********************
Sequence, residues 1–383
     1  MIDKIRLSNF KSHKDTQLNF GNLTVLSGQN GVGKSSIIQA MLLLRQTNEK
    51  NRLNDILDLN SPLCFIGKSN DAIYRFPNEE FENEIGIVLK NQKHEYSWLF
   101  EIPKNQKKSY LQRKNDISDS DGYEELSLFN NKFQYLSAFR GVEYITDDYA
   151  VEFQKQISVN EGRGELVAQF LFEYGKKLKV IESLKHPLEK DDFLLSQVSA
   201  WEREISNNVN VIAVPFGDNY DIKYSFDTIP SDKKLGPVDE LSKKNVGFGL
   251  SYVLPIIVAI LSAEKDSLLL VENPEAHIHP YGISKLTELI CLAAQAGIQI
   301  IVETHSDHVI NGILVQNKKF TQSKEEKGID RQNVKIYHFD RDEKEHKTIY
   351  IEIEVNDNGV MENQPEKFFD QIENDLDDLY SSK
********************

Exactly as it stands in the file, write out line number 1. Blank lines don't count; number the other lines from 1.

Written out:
Sequence, residues 1–383